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Old 01-08-2019, 02:33 AM
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Default Re: quality of drum sounds to the rest of the band is not important

Sounds frustrating.

I’d much rather go with some blasticks-type thing than all that tape. Or 7A rather than a heavy stick. Or quiet drums like an old kit I’ve got made of cheap wood with rounded bearing edges.
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Old 01-08-2019, 03:33 AM
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Default Re: quality of drum sounds to the rest of the band is not important

Here is my opinion on the matter.

Yes, when it comes to volume, as a drummer we have to make more sacrifices then other members of the band. It sucks. Usually we have to find ways to make the drums louder without physical harm to the drums and to our bodies. Sometimes we have to dampen our drums to the point that they no longer sound like drums. But there are limits that I won’t go beyond.

Here is what I would do: For quieter applications I would use a smaller drum set, 18 inch bass drum, 12 inch tom and 12 or 13 inch snare drum. Also use smaller cymbals. Dampen the drums using dampening rings. Do not dampen the cymbals! Dampening cymbals is just crazy. Play these drums as quietly as possible without sacrificing your technique. Use smaller sticks or rods.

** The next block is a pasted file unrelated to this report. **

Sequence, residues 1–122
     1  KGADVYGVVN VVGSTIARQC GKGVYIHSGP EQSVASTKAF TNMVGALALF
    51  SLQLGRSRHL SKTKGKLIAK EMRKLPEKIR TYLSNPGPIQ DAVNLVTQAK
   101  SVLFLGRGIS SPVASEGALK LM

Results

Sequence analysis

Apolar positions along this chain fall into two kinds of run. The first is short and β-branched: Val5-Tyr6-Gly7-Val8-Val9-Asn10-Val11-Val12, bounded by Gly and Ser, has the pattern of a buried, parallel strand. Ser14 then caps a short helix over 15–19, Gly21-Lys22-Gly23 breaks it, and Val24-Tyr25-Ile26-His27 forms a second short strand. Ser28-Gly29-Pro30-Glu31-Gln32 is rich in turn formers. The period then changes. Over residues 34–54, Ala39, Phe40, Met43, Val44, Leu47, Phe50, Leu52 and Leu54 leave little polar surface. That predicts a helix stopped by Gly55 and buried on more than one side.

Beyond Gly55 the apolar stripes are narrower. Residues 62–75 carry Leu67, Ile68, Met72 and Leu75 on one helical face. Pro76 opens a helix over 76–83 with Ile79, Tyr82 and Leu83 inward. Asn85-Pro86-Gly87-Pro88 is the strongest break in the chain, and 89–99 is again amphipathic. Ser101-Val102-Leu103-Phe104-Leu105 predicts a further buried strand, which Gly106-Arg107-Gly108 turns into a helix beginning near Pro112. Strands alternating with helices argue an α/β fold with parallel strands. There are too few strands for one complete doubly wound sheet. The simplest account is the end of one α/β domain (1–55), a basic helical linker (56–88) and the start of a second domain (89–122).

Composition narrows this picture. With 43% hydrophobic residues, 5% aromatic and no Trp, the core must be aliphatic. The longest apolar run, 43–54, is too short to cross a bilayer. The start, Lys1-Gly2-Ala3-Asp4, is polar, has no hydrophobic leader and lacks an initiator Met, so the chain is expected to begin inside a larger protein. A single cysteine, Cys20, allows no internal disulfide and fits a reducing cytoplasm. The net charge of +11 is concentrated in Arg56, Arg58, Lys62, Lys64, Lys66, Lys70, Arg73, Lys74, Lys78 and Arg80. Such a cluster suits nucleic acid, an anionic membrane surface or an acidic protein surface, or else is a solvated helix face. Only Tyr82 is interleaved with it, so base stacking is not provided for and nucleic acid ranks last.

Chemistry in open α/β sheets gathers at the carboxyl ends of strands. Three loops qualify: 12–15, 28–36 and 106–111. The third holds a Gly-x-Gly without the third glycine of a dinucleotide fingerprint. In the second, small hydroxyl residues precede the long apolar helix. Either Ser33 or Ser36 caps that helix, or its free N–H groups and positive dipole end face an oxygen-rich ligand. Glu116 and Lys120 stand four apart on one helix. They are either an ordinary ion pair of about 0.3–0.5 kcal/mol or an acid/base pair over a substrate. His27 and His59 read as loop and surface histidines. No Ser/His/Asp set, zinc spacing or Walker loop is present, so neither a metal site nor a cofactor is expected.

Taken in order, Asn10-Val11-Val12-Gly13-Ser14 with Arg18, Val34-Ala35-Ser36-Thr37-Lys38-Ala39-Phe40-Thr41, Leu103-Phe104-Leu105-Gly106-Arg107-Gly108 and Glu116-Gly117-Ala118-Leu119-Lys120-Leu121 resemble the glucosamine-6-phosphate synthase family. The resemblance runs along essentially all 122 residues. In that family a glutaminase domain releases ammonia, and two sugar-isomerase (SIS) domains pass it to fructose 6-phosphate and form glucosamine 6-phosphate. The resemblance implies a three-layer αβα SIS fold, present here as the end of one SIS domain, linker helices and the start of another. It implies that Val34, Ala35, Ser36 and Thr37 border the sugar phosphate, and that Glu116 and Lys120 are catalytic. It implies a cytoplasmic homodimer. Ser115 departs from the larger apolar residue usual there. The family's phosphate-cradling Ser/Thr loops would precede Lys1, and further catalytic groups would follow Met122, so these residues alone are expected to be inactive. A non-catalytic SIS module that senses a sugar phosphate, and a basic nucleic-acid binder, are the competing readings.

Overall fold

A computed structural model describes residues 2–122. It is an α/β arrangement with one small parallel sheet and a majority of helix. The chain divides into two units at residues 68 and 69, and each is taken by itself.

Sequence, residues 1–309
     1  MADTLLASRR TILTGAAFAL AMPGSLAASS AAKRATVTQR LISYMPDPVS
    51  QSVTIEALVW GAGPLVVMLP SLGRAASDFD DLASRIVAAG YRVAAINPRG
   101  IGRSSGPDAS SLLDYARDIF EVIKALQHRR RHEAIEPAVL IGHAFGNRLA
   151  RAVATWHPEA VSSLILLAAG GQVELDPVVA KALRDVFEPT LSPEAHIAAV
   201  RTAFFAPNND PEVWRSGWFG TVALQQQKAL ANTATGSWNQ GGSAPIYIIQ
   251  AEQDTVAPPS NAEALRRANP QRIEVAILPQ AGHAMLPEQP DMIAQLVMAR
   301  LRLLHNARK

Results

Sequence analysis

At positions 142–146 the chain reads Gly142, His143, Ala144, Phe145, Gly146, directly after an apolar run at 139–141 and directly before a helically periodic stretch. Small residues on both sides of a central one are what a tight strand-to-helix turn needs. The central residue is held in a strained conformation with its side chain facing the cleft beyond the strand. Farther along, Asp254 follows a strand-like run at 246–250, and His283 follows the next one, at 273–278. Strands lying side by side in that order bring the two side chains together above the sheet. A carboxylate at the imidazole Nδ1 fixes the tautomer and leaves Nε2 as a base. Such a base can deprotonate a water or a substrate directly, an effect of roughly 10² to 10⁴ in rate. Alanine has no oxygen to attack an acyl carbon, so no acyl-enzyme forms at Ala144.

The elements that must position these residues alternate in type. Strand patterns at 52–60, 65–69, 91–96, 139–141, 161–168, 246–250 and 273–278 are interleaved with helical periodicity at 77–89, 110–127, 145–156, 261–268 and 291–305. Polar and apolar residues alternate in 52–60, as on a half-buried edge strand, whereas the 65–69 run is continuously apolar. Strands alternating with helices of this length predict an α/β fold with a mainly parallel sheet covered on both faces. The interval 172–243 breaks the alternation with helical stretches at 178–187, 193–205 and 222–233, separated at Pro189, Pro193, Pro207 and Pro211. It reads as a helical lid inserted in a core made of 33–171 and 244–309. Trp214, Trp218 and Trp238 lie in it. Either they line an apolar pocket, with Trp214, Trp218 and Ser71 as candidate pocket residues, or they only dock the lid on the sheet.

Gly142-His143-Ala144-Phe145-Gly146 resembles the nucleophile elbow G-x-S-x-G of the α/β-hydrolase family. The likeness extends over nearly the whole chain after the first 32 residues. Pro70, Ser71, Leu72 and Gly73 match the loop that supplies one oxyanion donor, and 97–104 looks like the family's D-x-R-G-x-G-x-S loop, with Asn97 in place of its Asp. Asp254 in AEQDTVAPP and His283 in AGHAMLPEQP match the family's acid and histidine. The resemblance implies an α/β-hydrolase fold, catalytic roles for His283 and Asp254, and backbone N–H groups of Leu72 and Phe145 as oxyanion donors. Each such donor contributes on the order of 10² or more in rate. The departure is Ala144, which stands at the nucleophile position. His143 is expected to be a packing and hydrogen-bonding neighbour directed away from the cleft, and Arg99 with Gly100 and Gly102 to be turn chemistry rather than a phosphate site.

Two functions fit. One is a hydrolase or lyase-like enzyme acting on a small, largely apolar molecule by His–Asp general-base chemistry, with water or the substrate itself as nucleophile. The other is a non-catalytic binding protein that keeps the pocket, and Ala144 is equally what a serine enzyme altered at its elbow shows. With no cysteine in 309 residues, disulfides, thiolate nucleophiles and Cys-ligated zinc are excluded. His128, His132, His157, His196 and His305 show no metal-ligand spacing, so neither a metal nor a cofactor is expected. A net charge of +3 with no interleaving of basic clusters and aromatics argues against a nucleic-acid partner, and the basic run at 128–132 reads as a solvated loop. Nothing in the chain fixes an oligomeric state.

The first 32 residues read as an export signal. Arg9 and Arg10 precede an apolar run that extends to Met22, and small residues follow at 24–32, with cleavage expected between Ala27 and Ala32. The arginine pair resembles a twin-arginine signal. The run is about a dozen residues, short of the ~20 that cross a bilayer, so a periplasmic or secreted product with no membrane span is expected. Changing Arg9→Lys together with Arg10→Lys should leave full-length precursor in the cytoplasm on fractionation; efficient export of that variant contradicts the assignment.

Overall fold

Inform the other musicians that this is as quiet as the drums will be. Period! And that they will have to raise their volume to match the drums. Drums are loud musical instruments. If you don’t hit a drum with enough force it will not sound like a drum. Same with cymbals.

The next step down from this is to use a Cajon with a foot pedal, a small hi hat and a small cymbal. It won’t sound like a drum set but it works great for certain kinds of music.

PS. I currently practice with a band that has to keep the volume way down because of the neighbors. I use an e-drum set for this practice. The sound of the stick hitting the rubber pad is as loud as the drum sound from the e-drum. It’s crazy but it’s OK for practice. A more expensive e-drum with mesh heads would solve this issue.


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Old 01-08-2019, 04:43 AM
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Default Re: quality of drum sounds to the rest of the band is not important